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Day-Night pink-ball Test: All set to beat the conditions

The pitch for the first-ever Day-Night pink-ball Test in Eden Gardens looks greener than the one at the Holkar Stadium
Team India, led by Virat Kohli (left), in high spirits during practice at Eden Gardens on Wednesday

Sayak Banerjee   |   Calcutta   |   Published 20.11.19, 08:01 PM

The track at the Holkar Stadium with a bit of grass on it was quite helpful for fast bowlers and the first Test got over inside three days.

Over to Eden Gardens now and the pitch for the first-ever Day-Night pink-ball Test looks a tad greener, apart from the extra bounce the pitch has been offering for the last couple of years.

The pink ball tends to help fast bowlers and considering the form India’s pacers are in at present, tougher times could be in store for Bangladesh. For the record, Mohammed Shami has been the fieriest among the three pacers in the XI.

“Whether it’s red or pink, Shami will always be deadly with the ball. He has done well in the recent matches and whatever the conditions, he does well.

“In Ranchi and in the last game (in Indore), he got the ball to reverse swing and with pace…We aren’t too sure about the movement of the ball, but it won’t really matter, as Shami will be able to deliver and trouble the batsmen given his current form,” Wriddhiman Saha said on the sidelines of Wednesday’s training session at the Eden.

Among the few players in the current Indian line-up, Shami and Saha were part of the CAB Super League final at Eden Gardens in 2016, when the first-ever multi-day pink-ball game was held in India.

The pink ball may not reverse swing that much, but that doesn’t seem to be a problem for the Indians.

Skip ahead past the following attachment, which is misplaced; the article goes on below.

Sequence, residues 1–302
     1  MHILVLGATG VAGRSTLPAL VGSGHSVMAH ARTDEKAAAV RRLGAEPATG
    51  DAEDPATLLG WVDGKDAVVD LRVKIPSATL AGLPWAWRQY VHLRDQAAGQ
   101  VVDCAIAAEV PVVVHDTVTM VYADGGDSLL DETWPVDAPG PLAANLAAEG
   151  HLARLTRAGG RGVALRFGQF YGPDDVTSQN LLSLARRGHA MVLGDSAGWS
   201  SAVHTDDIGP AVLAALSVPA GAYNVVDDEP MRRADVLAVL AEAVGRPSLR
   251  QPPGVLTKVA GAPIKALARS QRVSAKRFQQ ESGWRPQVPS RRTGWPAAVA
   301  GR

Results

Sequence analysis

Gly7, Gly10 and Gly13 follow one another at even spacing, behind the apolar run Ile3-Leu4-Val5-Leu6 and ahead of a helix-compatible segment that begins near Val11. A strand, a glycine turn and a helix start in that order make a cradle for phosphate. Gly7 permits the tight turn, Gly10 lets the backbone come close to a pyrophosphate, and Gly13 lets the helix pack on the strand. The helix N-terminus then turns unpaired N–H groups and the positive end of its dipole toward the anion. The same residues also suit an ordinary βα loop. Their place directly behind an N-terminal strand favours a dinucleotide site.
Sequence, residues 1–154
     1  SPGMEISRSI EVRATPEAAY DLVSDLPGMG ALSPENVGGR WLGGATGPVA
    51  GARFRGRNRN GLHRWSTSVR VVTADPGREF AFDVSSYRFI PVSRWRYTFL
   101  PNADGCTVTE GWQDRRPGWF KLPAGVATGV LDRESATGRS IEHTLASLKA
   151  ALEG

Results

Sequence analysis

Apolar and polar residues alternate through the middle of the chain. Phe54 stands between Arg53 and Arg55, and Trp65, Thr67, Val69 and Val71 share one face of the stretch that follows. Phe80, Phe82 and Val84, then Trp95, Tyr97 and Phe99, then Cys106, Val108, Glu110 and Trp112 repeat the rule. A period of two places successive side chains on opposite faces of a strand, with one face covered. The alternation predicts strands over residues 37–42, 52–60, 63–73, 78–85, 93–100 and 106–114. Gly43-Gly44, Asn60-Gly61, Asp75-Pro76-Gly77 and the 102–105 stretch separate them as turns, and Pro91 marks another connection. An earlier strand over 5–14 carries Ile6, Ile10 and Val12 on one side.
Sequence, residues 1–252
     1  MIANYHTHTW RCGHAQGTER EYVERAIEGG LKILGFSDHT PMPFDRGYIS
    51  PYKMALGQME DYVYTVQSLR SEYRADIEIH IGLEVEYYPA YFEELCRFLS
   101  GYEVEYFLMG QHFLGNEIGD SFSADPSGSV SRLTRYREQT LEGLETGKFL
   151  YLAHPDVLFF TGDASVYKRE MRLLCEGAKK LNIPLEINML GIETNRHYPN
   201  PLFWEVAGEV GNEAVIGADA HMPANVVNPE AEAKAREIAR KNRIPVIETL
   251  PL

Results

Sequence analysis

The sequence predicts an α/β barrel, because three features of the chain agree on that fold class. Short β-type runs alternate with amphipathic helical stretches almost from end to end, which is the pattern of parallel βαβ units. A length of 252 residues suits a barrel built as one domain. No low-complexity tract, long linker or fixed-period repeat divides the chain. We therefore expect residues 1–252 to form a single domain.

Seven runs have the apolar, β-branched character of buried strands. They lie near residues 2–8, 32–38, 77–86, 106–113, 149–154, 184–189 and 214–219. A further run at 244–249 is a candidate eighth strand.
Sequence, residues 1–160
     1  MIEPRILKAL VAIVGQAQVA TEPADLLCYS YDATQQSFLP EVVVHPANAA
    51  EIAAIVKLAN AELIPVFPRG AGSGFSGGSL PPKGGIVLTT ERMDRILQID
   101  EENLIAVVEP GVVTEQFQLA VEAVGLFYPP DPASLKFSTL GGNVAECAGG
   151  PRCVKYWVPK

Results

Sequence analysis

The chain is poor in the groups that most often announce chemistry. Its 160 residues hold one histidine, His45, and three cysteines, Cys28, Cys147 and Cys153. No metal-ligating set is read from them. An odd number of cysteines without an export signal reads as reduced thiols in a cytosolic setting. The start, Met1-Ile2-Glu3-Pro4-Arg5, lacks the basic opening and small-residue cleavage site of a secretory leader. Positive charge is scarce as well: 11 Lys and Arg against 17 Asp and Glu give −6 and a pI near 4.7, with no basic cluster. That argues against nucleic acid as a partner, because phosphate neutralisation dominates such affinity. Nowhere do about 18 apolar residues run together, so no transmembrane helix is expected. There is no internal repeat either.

“Chances might be less for the pink ball to reverse swing, but our bowlers have the talent and ability to still get it right,” Saha emphasised.

Cricket Association of Bengal curator Sujan Mukherjee stressed that the Eden wicket will be lively. “The pitch will not just be a sporting one, but lively too. And there will be firm and even bounce at the same time,” Mukherjee said.

Both India and Bangladesh are yet to play a pink-ball Test, but hardly anyone in the visiting team contingent has ever played even a first-class game with it. The only pink-ball game held in Bangladesh so far was back in 2013.

And then obviously, India are in a better space and frame of mind after the hammering they gave Bangladesh in Indore last week.

Saha, too, was quick to point out India’s greater experience compared to their rivals with the pink ball. Having said that, the twilight period and dew are factors with which India need to adapt, he reminded.

“Look, every international match is a challenge. Every ball brings with itself a challenge.

“Yes, we have more experience with the pink ball, but with the twilight period coming into play and taking the dew factor into consideration, we have to apply ourselves on the ground,” the wicketkeeper-batsman explained.

Saha didn’t commit many errors while keeping in that CAB Super League final three years ago. Yet, he is wary of the ball’s visibility factor, starting from the twilight period when it becomes a bit old.

“It’s challenging. If it is challenging for the slips, it is the same for me as well.

“The ball wobbles when our pacers bowl, which is a factor. But having said that, I need to accept the challenges,” Saha said.

“…Don’t know the sightscreen colour... The ball may get a bit old during twilight time.

“So, if the backdrop is not clear, it’s also going to be challenging for the ’keepers.”

During India’s practice session, the likes of Virat Kohli, Rohit Sharma and Ajinkya Rahane started batting at nets not before the twilight period. Facing the likes of Ishant Sharma, Shami and Umesh Yadav won’t be easy in the circumstances.

“Conditions wise, the twilight time will be challenging especially when it comes to picking the ball. We have to adjust, though.

“The ball is new and will most likely help pacers. It could be challenging for the batsmen,” Saha said.

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